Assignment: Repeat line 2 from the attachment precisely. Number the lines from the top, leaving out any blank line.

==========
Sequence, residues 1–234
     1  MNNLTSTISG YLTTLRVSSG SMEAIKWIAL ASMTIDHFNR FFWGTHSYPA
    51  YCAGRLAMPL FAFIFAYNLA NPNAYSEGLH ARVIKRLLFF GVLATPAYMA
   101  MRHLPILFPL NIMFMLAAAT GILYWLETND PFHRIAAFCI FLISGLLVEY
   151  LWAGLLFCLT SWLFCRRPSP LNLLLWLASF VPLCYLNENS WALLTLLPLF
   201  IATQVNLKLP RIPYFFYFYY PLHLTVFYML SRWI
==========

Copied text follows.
     1  MNNLTSTISG YLTTLRVSSG SMEAIKWIAL ASMTIDHFNR FFWGTHSYPA